The graduating seniors at Morehouse College received an unexpected gift. Robert F. Smith, a billionaire investor who was giving a commencement address to the 396 students at the historically black men’s college in Atlanta, announced he was paying off their student loans.
Smith said he wanted the grads to begin their careers without nagging debt. “This is my class, 2019,” he said. “And my family is making a grant to eliminate their student loans.”
Debt—it is a fact of life for most Americans and for the country. Let’s start with personal debt.
According to figures compiled by NerdWallet.com in December 2018, the average American household debt is about $135,000; that includes home mortgage, car payments, credit cards, student loans—everything. Added together, Americans have a total debt of over $13 trillion.
Home loans are the biggest expense, but that’s often viewed as “good debt” because a home frequently builds equity and mortgage interest is tax deductible.
Credit card debt? That’s another story entirely. Outstanding credit card debt is $944 billion, and the average household is carrying a monthly balance of nearly $7,000.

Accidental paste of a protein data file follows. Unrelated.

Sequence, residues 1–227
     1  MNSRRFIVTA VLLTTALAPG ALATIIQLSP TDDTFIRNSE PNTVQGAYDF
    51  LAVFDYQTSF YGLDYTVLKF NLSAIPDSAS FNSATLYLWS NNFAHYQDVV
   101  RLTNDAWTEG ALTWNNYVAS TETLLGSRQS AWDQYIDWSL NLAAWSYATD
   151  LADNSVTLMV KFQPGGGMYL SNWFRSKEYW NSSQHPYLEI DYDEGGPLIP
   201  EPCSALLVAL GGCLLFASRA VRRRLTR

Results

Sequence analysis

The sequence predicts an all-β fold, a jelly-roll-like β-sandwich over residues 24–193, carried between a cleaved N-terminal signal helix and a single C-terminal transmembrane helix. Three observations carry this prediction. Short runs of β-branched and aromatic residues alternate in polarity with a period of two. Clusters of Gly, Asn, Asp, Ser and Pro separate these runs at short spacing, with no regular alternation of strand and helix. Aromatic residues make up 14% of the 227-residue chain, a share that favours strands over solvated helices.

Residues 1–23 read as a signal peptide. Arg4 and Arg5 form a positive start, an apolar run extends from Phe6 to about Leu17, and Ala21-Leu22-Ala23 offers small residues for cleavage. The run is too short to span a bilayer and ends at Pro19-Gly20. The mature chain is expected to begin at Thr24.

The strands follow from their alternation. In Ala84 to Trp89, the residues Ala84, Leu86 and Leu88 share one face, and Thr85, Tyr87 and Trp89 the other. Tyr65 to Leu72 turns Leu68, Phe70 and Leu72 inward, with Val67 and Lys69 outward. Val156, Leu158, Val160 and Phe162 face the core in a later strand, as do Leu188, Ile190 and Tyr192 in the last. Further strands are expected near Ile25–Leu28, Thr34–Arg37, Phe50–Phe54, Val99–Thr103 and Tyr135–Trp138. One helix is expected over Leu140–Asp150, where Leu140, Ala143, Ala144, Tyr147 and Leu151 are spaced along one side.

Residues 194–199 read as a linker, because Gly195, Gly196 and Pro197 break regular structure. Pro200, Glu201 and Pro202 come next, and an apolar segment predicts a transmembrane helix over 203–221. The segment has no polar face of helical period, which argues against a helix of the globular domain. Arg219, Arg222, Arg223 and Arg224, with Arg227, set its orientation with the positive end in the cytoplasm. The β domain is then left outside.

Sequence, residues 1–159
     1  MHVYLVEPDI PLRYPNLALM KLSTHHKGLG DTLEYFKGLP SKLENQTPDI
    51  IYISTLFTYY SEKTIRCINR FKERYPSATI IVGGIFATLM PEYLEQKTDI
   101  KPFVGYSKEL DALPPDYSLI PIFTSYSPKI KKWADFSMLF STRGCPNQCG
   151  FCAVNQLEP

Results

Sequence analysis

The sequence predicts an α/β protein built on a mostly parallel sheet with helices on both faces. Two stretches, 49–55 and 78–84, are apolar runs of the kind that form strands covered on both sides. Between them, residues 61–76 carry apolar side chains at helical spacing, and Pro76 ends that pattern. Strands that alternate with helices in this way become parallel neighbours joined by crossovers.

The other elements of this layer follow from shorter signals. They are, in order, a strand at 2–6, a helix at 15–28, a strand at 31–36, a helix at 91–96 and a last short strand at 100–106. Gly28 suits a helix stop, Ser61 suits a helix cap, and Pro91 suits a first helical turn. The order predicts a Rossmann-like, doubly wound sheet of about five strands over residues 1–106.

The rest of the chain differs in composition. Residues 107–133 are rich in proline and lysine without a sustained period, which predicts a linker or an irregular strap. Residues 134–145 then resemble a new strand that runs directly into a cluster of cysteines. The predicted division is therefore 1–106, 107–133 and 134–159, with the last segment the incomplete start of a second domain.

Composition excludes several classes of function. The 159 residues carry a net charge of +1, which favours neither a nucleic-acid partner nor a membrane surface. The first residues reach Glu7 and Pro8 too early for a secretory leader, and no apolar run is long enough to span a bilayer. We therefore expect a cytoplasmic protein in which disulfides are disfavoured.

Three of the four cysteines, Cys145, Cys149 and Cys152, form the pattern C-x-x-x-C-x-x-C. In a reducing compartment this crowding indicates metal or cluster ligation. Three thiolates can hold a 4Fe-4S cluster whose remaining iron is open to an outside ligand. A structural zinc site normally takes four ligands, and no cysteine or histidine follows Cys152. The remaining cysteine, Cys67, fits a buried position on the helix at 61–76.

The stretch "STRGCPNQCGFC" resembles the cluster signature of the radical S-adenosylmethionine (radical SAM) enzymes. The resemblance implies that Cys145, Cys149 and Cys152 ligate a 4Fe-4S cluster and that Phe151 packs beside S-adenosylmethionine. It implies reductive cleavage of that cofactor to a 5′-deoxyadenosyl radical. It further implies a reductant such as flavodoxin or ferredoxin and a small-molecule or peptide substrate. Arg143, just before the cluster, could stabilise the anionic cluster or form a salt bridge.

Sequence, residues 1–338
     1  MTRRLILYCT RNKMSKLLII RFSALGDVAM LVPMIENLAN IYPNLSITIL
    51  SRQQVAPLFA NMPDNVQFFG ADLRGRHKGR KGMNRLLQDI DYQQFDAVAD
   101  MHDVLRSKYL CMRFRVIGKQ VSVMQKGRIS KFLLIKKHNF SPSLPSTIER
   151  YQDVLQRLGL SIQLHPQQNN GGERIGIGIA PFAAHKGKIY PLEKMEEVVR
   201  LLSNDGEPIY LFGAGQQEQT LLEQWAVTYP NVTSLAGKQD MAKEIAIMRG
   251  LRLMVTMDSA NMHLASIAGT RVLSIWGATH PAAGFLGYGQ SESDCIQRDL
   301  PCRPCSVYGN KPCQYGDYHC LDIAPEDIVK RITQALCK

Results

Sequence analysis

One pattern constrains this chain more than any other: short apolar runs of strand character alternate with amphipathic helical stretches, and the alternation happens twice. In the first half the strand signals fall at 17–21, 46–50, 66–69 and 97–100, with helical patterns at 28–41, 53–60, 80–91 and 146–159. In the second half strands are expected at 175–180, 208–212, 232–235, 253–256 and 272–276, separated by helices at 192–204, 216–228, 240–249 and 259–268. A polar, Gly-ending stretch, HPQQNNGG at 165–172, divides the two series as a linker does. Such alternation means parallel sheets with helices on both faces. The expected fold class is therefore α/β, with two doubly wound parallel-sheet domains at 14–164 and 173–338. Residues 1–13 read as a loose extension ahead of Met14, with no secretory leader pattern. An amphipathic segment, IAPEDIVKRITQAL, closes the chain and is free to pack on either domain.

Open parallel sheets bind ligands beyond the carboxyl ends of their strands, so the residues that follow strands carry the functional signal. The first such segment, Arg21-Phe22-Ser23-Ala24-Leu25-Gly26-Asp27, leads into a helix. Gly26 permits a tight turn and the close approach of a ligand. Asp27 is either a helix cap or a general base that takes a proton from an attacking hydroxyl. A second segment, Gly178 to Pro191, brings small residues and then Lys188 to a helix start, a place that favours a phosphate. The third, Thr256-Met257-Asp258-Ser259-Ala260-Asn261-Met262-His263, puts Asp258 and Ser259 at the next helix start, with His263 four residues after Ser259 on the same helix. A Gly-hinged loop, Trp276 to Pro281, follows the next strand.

According to DebtHelp.com, the number one reason for serious debt is medical problems—serious illnesses and unexpected emergencies. That’s followed by what DebtHelp.com describes as poor spending habits. Job loss is third.
Americans are not alone in the red because the government makes the average debt-soaked person look positively thrifty.
The federal government is $22.3 trillion in debt, and a quick glance at the debt clock shows how fast that’s growing. The Congressional Budget Office reports the deficit this year is about $900 billion, and starting in 2022 it will be over $1 trillion every year, reaching the equivalent of 93 percent of GDP by 2029.
Social Security is facing a debt crisis.
The annual report released recently by the Social Security and Medicare Boards of Trustees shows that starting next year, Social Security will pay out more than it collects. That means the government will have to, among other things, dip into the surplus that has been built up from years when the government collected more than it paid out.
However, as the baby boomers retire, the payments will increase, and the trustees estimate the Social Security Trust Fund will be depleted by 2035. Thereafter, income tax collections will only be enough to pay about three-quarters of the scheduled benefits.
Again, not all debt is bad and occasionally debt—even bad debt—is unavoidable. Sometimes the country must fight a war or rebuild after a natural disaster. But overall, it feels as though, collectively, we have been living beyond our means.
Robert F. Smith’s generosity has solved the student debt problem for the lucky graduates of Morehouse College. The country and most people weighed down by debt have no such benefactor and sacrifice and frugality seem to have disappeared from our DNA.